Reduction and Reductionism
It is common for one aspect to be elevated above others and thereby have the others 'reduced' to it in some way. Often a word ending in 'ism' is evidence for a reduction - we often use the word 'reductionism' to indicate a reduction taken too far. Many are now aware of the dangers of such reductions and especially reductionisms.
But we want to understand, not just condemn or ignore. There are several types of reduction, most of which usually result in some harm or other:
Often, this type is OK, as long as not combined with the others. It is merely the breaking down of a thing into component parts or processes, and can be useful to more clearly understanding it. But too often it goes further, into ontological reduction, to imply, if not say, that the whole is nothing more than the sum of the parts.
According to Roy Clouser, this is called 'eliminative reductionism' because it eliminates all other aspects.
This type of reduction claims that one aspect has no independent status from another, in that its laws are merely outworkings of the other. For instance, laws of the life sciences can be reduced to merely those of physics and chemistry, and those of physics can be reduced to those of mathematics.
Such reductionisms do not deny the usefulness of speaking in terms of laws of the later aspect, but see that doing this is merely a convenience. Rather like using an abbreviation for long word, ontological reduction allows us to use concepts and themes from the later aspect as short-hand for the complex workings of the earlier, but it has no real foundation.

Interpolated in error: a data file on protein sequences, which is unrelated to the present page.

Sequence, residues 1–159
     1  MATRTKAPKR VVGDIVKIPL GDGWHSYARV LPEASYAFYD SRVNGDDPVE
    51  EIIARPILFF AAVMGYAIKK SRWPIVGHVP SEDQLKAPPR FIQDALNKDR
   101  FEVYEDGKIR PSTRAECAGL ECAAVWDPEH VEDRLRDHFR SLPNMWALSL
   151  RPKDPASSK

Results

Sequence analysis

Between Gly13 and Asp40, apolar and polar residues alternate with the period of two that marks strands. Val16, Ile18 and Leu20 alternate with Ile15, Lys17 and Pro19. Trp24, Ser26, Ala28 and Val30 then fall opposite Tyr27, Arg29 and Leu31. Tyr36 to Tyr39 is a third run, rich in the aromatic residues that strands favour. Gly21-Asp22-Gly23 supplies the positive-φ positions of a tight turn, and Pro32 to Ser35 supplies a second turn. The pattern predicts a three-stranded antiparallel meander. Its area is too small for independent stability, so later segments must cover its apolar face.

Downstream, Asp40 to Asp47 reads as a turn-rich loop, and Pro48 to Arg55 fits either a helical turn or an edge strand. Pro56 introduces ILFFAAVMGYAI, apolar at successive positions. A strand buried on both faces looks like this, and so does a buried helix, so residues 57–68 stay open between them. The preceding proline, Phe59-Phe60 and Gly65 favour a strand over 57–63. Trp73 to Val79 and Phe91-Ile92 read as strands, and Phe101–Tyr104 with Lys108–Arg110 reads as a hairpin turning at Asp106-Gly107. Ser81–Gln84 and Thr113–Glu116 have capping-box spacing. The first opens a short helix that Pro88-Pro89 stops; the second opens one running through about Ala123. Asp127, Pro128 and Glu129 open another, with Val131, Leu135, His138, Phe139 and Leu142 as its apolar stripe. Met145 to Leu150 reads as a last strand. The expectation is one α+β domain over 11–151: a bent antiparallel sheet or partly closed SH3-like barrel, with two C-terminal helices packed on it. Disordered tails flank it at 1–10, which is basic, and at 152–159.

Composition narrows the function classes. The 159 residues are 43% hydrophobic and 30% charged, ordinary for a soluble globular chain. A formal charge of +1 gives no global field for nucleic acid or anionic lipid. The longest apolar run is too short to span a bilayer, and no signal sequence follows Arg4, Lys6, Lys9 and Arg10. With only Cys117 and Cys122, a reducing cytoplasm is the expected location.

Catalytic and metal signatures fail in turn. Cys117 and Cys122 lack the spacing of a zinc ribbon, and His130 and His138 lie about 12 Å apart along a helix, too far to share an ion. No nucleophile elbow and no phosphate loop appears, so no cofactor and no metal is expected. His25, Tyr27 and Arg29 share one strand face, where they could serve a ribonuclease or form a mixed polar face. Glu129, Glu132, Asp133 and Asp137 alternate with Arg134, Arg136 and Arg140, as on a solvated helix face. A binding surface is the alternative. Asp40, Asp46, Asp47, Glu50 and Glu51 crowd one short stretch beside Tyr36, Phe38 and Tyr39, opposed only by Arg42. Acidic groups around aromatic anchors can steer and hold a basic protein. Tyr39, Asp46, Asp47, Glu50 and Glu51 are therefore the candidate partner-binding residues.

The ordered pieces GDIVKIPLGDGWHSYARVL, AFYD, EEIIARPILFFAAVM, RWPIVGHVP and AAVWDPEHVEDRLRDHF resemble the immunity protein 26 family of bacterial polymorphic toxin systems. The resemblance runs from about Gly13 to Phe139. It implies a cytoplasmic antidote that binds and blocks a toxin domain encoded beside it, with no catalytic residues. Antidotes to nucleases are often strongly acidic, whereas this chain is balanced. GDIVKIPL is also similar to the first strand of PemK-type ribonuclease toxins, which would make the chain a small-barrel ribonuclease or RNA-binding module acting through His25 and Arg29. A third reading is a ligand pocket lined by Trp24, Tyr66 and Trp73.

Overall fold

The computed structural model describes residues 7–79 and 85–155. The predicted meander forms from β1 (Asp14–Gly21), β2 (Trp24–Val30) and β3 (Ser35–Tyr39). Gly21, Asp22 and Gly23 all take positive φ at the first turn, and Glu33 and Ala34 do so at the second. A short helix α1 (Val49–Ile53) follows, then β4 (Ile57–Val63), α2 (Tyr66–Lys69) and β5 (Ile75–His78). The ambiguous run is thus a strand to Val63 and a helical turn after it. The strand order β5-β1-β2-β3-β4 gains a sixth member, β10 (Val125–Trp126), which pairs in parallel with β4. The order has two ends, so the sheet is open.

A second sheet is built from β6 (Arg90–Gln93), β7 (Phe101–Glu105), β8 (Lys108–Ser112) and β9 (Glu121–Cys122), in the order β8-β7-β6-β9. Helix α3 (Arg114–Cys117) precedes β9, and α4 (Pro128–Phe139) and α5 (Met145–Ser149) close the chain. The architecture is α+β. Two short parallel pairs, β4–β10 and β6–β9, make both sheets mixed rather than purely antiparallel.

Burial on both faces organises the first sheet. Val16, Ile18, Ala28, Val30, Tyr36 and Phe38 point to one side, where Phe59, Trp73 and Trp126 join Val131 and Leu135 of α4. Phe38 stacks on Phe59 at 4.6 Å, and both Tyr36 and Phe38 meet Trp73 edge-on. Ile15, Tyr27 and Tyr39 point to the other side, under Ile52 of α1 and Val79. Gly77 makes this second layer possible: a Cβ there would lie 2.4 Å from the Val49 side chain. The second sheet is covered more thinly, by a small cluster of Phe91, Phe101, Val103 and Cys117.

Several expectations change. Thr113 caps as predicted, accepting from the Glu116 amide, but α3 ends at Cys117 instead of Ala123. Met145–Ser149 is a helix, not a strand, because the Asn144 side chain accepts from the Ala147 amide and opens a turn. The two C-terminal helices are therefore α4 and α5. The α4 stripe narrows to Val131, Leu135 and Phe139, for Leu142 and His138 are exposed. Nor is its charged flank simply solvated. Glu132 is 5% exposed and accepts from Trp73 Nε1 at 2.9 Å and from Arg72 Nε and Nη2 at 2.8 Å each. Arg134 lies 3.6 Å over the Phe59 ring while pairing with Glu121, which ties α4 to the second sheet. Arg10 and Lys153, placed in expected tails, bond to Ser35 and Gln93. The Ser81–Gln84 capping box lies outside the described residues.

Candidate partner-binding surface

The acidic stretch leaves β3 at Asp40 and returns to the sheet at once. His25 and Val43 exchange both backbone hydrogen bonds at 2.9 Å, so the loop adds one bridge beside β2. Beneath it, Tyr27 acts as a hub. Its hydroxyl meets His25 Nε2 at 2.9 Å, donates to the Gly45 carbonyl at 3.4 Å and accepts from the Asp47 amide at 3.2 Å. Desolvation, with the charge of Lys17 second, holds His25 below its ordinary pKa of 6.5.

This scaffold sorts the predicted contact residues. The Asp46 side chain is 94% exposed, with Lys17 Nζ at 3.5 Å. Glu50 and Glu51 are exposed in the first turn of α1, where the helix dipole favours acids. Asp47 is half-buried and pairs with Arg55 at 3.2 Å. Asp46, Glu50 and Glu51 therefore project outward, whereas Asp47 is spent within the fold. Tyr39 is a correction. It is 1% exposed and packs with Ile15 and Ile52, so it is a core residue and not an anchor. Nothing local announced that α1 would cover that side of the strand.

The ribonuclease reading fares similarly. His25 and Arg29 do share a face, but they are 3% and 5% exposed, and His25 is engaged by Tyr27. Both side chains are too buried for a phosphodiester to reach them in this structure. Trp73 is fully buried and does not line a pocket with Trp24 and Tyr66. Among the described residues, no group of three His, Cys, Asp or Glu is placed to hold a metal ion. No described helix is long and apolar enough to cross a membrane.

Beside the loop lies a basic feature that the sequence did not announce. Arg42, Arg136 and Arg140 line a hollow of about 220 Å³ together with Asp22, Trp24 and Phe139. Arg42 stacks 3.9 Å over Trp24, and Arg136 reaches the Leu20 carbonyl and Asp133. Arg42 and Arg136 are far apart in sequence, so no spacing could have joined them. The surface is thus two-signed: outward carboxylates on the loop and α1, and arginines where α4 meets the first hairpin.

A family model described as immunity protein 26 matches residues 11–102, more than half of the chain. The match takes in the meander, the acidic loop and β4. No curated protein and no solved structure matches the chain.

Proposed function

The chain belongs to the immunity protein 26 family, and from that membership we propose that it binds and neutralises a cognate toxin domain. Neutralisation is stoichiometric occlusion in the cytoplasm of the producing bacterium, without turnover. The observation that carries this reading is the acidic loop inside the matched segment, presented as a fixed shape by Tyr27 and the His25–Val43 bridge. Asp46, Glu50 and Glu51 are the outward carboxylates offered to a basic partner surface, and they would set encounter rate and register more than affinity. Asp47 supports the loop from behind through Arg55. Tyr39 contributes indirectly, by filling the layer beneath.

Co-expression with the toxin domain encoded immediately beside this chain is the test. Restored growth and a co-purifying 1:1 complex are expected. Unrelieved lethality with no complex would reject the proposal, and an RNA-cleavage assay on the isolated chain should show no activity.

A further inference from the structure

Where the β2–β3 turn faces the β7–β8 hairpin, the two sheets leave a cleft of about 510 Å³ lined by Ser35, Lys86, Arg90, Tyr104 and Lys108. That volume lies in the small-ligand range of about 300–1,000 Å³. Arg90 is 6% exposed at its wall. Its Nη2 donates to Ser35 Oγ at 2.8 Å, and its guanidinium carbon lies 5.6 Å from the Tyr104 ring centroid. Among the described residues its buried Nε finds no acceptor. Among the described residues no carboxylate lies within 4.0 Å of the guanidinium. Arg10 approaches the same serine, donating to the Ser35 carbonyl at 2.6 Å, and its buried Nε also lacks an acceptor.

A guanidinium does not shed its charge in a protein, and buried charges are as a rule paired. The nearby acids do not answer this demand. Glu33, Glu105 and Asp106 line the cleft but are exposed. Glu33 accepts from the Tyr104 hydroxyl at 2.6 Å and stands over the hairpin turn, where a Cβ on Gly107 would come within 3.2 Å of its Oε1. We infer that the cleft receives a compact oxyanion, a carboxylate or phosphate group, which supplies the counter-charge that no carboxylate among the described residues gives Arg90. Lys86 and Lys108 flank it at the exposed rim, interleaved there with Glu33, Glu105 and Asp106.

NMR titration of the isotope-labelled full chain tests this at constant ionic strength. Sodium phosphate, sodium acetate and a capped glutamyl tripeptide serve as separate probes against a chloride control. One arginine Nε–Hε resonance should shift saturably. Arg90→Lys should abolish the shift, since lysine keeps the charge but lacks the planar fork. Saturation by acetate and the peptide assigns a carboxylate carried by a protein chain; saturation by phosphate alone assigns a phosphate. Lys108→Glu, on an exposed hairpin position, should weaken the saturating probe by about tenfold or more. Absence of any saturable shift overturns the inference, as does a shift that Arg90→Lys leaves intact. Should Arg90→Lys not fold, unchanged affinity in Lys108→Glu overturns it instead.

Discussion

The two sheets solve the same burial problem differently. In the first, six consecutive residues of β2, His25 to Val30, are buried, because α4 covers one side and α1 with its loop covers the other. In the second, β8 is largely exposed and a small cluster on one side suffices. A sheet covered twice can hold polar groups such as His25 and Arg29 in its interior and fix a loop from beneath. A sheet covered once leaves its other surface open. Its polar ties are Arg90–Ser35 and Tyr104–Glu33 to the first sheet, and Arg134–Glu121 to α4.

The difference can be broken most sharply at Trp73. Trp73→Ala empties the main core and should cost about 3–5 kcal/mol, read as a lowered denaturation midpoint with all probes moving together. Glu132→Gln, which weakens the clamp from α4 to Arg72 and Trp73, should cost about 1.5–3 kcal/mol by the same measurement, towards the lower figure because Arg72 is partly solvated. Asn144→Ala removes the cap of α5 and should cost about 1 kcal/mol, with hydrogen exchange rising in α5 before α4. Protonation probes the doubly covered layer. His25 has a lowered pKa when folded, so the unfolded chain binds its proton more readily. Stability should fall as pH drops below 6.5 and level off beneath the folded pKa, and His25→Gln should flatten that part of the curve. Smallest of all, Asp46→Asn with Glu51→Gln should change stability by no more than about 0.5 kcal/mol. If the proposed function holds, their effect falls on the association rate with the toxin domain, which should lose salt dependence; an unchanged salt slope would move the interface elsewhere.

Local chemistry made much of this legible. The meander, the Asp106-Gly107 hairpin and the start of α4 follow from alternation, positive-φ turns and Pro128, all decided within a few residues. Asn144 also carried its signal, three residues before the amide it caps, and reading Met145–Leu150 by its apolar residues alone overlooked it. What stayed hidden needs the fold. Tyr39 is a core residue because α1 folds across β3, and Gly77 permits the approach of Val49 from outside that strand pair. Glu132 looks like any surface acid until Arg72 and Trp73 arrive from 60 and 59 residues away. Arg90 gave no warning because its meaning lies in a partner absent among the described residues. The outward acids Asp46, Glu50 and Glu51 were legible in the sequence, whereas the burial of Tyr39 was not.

This type is perhaps part of ontological reduction. It claims that the laws of an aspect have been generated from those of another (and are therefore ontologically part of it). The idea of 'emergent property' is in danger of genetic reduction.
A common example is that the laws of society came about merely and purely because of a biological evolutionary process - with the frequent implication that any laws or norms that are post-biological are artificial and to be discarded, and that sex and gluttony reign supreme!
This type of reduction emphasizes what we know of various aspects, and its prime example is rationalism. This argues that since we need reason to find out the truth about things, whether atoms, sex or music, then, in a way, atoms, sex and music do not exist themselves but are merely the mental constructions we impose on an unordered flow of experiences.
This type of reduction says that only the given aspect is important. No others need be considered. e.g. the 'bottom line', "Money is the Measure of all things". e.g. fundamentalist religion. e.g. "Blood is thicker than water."
This one is particularly dangerous, and subject to fashions. It leads to gross evil even if the participants are upright, honest, well-meaning people.
This is a combination of the others, often taken more to extremes, and is probably the worst. It is a characteristic of idols that we treat them as of ultimate worth, we sacrifice other things to them and they do not deliver what they promise (Gouzewaard, 1987, Idols of Our Time).
Idolatrous reduction(ism) occurs when we apply an almost religious devotion to our target aspect.
This is part of The Dooyeweerd Pages, which explain, explore and discuss Dooyeweerd's interesting philosophy. Questions or comments are very welcome.
Compiled by Andrew Basden. You may use this material subject to conditions.
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Created: 18 May 2013